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A DESCRIPTIVE STUDY TO ASSESS THE LEARNING STYLES ADOPTED BY UNDERGRADUATE NURSING STUDENTS AT SELECTED COLLEGE, BENGALURU

Authors
  • ijar journal
  • Mohanlal, Syam
  • ,
  • Malagi, Vasantha
  • Wilson, Jenisha
  • Hamid, Umer
  • ,
  • ,
  • ,
Type
Published Article
Journal
International Journal of Advanced Research
Publisher
International Journal Of Advanced Research
Publication Date
Jan 13, 2024
Volume
12
Issue
01
Pages
935–940
Identifiers
DOI: 10.21474/ijar01/18206
Source
MyScienceWork
License
Green

Abstract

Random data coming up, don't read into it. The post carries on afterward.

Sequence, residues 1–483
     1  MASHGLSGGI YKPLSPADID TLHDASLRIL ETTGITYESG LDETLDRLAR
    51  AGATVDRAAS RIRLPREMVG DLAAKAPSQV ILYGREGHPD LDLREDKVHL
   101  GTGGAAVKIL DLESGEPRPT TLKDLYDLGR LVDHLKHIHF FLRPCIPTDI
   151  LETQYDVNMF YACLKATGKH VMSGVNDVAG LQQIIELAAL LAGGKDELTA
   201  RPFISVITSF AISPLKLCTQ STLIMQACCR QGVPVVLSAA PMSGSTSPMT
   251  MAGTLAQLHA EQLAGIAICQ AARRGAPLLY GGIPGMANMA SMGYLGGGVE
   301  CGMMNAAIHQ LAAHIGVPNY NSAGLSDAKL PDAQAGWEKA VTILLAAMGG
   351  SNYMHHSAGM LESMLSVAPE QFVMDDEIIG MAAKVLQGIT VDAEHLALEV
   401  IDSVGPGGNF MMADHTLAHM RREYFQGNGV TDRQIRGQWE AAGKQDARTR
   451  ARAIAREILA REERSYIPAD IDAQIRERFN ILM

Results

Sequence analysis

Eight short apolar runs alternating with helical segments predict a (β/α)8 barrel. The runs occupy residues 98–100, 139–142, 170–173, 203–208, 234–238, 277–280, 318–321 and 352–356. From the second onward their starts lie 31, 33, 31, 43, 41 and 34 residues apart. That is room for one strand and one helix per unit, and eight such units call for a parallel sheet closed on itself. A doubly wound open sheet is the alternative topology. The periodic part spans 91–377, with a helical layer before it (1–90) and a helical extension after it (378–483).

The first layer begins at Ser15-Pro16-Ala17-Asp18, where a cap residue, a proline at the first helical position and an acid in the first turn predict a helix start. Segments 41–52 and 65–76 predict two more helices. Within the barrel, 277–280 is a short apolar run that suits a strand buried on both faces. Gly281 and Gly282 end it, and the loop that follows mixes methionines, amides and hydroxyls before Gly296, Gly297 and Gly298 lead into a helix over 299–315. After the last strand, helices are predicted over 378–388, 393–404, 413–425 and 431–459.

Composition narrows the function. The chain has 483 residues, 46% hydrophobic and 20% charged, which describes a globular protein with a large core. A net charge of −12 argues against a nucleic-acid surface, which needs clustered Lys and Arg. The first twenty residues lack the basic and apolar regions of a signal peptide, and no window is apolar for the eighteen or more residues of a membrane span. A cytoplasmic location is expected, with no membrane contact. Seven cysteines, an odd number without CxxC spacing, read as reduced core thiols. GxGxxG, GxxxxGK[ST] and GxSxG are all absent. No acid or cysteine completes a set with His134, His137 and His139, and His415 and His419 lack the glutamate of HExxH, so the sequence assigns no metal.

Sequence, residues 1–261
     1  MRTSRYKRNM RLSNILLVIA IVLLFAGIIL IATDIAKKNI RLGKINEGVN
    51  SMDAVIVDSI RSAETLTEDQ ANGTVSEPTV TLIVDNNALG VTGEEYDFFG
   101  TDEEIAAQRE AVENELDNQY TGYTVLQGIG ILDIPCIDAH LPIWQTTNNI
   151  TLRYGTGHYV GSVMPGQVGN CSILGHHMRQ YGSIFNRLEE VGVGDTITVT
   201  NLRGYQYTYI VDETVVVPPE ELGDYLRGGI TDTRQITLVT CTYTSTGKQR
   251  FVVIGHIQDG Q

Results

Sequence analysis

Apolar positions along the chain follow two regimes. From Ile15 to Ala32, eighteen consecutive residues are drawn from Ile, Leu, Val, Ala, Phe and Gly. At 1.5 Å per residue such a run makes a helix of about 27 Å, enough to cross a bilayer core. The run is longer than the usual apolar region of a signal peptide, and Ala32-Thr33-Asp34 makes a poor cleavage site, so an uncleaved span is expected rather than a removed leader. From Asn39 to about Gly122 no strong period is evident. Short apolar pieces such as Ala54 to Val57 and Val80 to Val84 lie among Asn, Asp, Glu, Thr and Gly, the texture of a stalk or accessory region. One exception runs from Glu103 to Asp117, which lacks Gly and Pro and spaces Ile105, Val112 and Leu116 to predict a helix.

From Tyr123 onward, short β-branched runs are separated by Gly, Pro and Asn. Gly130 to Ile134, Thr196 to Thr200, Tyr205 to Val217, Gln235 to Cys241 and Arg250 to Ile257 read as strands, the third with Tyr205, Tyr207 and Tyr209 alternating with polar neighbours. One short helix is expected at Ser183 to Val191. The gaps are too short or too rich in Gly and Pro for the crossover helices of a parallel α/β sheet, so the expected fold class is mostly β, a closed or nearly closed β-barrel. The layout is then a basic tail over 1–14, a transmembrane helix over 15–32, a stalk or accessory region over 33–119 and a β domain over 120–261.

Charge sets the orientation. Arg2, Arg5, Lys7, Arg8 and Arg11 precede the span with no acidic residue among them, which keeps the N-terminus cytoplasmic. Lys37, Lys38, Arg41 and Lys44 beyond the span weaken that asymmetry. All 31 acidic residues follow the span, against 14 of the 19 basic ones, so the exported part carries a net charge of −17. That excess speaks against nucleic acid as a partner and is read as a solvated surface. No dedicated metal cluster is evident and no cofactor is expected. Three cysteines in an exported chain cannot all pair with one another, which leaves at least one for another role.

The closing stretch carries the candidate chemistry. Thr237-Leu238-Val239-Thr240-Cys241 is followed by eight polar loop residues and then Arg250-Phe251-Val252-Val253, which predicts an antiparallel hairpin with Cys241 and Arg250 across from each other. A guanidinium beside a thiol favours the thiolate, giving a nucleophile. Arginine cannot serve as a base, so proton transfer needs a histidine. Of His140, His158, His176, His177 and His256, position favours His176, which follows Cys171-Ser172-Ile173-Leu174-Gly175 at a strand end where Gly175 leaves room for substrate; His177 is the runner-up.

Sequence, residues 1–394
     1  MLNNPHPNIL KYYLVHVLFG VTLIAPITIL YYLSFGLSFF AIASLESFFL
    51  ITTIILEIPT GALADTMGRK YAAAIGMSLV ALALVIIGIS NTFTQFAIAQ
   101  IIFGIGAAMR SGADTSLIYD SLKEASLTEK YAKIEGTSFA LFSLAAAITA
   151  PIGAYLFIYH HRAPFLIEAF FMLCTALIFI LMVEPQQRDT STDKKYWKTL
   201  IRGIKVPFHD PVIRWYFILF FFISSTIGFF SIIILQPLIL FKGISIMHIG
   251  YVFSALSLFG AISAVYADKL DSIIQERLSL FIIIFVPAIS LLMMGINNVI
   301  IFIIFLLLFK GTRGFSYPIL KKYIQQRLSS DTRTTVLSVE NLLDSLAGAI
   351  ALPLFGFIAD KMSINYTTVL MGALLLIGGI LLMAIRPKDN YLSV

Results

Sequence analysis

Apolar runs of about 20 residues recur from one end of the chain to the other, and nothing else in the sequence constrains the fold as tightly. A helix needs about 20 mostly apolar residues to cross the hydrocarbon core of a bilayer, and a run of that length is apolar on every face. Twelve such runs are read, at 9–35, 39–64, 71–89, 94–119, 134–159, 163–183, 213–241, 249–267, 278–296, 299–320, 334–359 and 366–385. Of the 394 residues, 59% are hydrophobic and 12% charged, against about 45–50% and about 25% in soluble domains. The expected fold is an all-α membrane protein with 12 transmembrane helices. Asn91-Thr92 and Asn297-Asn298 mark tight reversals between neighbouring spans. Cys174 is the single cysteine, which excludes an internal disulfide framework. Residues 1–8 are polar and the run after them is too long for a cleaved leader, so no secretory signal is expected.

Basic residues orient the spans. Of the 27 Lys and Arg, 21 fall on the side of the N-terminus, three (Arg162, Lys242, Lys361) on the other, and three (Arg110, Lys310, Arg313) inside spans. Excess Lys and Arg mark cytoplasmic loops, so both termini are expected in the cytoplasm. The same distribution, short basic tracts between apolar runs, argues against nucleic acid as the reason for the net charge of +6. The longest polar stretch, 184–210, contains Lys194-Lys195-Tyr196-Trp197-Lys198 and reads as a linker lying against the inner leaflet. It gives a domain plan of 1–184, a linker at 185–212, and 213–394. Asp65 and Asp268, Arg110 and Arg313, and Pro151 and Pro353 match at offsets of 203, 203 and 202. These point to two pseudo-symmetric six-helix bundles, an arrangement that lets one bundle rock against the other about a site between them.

Background: Learning styles refer to an individuals preferred way of acquiring and processing information. Understanding a students learning style can be crucial for optimizing educational outcomes. In nursing education, catering to diverse learning preferences can enhance student engagement and prepare them for the complex demands of the profession. This study aimed to investigate the learning styles and their relationship with study variables among undergraduate nursing students. Methods and Materials: A descriptive cross-sectional design was employed. The study was conducted at a selected college in Bangalore, India. A total of 105 undergraduate nursing students were recruited, stratified by their year of study, and selected through proportionate random sampling. Participants completed the Inventory of Learning Styles (ILS) questionnaire, which assesses four learning styles: undirected, application-directed, reproduction-directed, and meaning-directed. Additionally, data on their age, gender, marital status, place of residence, pre-university percentage, preferred medium of instruction, average study hours, and average writing assignment hours were collected. Descriptive statistics, including mean, standard deviation, frequency, and percentage, were computed for the learning style scores and demographic variables. Chi-square tests were used to analyse the association between learning styles and selected demographic variables, while Pearson correlation coefficients were calculated to examine the relationship between age and learning styles. Results: The findings revealed that students utilized a variety of learning styles, with the majority favouring undirected (64.34%), application-directed (74.24%), reproduction-directed (63.47%), and meaning-directed (65.26%) styles. Interestingly, no significant correlation was found between age and any of the learning styles (all p-values > 0.05). Moreover, the chi-square analysis indicated an association between average hours of study and average hours of writing assignments with the reproduction-directed learning style at the 0.05 level of significance. Conclusion: This study highlights the diverse learning preferences among undergraduate nursing students, regardless of their age. Educators in nursing programs should incorporate diverse pedagogical approaches that cater to these different styles to optimize learning outcomes and adequately prepare students for the challenges of the nursing profession. Further research with larger sample sizes could delve deeper into the factors influencing learning styles in this population and provide even more valuable insights for educational design.

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